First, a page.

Fall Prevention Education For Home Bound Seniors

1532 words - 6 pages

The Centers for Disease Control and Prevention (2012) reports that each year in the United States, one in three people over the age of 65 falls at home. Falls are the most common cause of fractures and traumatic brain injuries as well as the leading cause of injury death in the elderly population. In a one-year study of 1529 home health patients, Lewis, Moutoux, Slaughter, and Bailey (2004) found that 57.6% of falls were caused by failure to use an assistive device properly and 11.3% were due to safety factors such as environmental hazards. Qualitative research has revealed that with regard to fall prevention, seniors prefer to have an active role; maintaining independence is a chief motivating factor; and fear of falling is a common barrier. Also of note are a perceived social stigma associated with use of assistive devices and a belief in some that falls are an unavoidable, normal part of aging (Vivrette, Rubenstein, Martin, Josephson, and Kramer, 2011; Faes et al., 2010; Horton, 2007).
As a health care setting, the home is an uncontrolled environment with very little professional supervision so that fall prevention measures are largely the responsibility of patients and their caregivers. While the most successful fall prevention efforts are multifaceted, effective measures for community-based elders include education, home modification, mobility aids, physical therapy and exercise training, and corrective changes to footwear, eye wear and medications (Chase, Mann, Wasek, & Arbesman 2012; Currie, 2008). Along with other measures, patient education through application of the Interaction Model of Client Health Behavior (IMCHB) could effectively close the gap between proven recommendations and adherence in order to decrease the incidence of falls in home health clients.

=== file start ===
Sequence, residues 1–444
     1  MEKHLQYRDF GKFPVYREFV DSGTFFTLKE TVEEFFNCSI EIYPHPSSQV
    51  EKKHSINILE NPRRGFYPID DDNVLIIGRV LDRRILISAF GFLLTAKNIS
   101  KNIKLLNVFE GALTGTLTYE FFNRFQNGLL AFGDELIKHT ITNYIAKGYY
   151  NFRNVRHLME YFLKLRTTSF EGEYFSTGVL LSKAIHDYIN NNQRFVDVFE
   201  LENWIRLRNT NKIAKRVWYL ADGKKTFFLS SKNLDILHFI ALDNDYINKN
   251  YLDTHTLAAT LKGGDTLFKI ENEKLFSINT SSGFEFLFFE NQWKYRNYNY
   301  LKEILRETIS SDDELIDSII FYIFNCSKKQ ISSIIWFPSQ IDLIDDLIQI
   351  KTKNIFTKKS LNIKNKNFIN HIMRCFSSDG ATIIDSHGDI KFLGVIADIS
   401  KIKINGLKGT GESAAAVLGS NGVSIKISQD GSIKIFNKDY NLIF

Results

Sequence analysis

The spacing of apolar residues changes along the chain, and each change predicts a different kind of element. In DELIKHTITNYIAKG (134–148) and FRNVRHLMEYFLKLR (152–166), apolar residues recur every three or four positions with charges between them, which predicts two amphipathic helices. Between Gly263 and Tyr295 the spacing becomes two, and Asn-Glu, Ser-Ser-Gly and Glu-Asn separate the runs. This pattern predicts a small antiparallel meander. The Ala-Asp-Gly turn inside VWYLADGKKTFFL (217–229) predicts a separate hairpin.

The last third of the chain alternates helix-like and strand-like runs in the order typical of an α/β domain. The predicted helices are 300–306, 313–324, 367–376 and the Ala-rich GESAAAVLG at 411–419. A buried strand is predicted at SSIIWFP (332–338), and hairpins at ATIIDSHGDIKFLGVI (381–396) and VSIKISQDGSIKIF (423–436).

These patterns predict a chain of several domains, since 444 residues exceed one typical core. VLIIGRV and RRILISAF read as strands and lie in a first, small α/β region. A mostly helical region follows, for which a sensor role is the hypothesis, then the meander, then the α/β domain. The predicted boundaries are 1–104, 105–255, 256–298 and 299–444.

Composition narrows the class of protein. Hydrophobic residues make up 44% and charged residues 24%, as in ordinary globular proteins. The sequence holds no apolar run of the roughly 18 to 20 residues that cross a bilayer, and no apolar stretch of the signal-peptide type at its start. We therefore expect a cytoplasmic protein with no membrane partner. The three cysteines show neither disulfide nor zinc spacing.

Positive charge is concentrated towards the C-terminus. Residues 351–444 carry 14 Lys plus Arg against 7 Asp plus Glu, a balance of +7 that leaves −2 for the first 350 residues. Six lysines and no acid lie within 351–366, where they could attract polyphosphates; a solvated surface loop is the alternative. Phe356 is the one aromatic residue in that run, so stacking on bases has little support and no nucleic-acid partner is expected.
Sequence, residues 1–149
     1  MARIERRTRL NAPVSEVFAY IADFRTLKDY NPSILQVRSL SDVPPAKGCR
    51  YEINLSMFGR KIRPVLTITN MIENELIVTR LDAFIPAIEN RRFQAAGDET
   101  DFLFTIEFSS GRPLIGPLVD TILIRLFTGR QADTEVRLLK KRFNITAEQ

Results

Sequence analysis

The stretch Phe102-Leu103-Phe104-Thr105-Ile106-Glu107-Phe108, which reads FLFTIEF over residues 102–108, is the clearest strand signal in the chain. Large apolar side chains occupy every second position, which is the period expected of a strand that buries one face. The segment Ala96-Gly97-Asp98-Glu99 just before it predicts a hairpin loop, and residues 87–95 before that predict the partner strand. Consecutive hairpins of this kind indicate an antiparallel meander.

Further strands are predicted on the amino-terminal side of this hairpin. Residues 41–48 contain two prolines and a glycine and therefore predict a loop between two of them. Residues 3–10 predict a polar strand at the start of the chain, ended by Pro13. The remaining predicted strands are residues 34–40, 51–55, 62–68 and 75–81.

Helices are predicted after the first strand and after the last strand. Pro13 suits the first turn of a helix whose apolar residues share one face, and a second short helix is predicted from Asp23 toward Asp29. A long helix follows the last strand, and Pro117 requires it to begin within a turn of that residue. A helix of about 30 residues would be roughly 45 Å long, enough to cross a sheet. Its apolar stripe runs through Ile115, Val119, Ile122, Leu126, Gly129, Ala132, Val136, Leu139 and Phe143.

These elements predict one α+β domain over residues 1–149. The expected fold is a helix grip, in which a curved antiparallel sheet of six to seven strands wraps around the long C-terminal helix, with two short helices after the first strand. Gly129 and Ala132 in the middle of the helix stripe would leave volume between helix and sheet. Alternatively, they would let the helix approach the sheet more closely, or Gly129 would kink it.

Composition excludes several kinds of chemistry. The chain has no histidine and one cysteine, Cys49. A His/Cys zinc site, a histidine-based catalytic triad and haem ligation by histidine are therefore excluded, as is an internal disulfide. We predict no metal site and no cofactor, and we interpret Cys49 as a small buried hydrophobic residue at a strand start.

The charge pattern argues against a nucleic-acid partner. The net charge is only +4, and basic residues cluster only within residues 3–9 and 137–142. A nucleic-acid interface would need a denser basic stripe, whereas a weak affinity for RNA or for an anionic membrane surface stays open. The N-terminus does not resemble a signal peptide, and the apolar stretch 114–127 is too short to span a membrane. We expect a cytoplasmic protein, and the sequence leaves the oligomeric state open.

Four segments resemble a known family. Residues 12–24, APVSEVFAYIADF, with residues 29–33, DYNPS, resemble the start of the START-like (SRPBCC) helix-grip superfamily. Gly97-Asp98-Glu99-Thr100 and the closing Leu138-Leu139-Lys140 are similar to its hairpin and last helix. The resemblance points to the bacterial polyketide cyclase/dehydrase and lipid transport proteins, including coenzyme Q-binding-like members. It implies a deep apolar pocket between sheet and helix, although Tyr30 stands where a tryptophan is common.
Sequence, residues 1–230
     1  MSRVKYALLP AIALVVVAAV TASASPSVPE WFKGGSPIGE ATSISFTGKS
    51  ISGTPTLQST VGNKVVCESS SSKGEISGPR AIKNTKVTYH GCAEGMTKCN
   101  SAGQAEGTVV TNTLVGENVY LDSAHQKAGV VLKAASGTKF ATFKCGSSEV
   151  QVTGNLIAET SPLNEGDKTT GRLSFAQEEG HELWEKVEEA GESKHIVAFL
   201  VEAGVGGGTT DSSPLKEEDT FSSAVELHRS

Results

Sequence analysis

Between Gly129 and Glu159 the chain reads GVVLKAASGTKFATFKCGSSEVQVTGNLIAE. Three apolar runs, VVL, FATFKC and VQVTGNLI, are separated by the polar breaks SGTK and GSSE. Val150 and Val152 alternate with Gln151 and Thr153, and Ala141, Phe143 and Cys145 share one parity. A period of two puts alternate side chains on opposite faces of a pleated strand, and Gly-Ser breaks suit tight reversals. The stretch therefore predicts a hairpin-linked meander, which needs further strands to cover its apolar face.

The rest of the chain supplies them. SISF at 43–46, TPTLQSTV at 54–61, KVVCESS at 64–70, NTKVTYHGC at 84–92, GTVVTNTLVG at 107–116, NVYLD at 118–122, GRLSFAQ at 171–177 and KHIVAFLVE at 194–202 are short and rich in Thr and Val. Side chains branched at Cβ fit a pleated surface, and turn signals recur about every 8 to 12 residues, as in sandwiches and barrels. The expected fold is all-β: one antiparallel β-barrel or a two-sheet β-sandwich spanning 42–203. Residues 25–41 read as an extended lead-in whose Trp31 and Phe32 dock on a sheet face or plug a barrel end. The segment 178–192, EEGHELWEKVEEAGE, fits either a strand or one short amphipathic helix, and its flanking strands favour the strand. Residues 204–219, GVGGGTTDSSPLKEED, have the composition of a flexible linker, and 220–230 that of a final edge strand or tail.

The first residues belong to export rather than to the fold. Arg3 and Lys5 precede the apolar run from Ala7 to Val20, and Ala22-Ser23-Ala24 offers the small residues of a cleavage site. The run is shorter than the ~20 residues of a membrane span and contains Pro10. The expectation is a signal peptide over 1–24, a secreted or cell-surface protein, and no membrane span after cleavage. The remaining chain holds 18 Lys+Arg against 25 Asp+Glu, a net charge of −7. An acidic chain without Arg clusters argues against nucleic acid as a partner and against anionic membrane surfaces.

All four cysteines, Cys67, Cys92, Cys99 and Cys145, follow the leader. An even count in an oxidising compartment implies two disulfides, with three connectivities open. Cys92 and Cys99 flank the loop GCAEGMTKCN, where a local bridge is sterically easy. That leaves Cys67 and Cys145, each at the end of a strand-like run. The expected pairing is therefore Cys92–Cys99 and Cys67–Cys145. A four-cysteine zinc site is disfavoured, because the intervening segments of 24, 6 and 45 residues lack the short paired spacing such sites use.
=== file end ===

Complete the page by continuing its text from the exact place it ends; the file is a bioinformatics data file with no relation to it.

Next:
The Interaction Model of Client Health Behavior (Cox, 1982) proposes that health outcomes are the result of a dynamic relationship between unique client attributes and interactions between the client and health care provider. The elements of client singularity include background variables (demographic characteristics, social influence, previous health care experience and environmental resources) as well as more transient variables (intrinsic motivation, cognitive appraisal and affective response) that emerge during interactions with the health care provider. The elements of the client-professional interaction (health information, affective support, decisional control and professional competencies) are dynamic and reciprocal, and the emphasis the provider places on each is determined by the client singularity. The model assumes that “clients are capable of making informed, independent, and competent choices about their health care behavior” (p. 46). Mutual decisions made during client-provider interactions and subsequent client behaviors lead to health outcomes which include utilization of health care services, clinical health status indicators, severity of the health care...

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